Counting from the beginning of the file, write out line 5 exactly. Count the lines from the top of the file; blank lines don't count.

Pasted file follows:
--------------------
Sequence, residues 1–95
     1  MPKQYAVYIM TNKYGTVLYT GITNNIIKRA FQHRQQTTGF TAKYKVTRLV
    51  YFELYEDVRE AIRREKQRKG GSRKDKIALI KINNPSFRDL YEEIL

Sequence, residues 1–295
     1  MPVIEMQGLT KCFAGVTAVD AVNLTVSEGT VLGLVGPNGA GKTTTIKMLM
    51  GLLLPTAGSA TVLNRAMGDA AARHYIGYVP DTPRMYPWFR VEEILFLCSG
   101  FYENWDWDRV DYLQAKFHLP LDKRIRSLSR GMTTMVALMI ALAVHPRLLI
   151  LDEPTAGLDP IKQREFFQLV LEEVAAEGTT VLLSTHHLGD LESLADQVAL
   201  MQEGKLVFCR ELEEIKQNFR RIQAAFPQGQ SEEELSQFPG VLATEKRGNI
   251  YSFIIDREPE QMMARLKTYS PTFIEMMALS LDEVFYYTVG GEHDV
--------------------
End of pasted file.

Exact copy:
     1  MPVIEMQGLT KCFAGVTAVD AVNLTVSEGT VLGLVGPNGA GKTTTIKMLM